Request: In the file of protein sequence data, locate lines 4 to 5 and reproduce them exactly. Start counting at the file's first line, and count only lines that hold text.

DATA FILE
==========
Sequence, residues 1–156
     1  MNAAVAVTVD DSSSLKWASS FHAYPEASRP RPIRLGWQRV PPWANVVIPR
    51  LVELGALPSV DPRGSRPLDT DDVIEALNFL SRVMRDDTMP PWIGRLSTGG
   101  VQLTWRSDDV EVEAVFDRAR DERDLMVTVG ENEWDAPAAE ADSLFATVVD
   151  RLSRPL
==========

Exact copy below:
   101  VQLTWRSDDV EVEAVFDRAR DERDLMVTVG ENEWDAPAAE ADSLFATVVD
   151  RLSRPL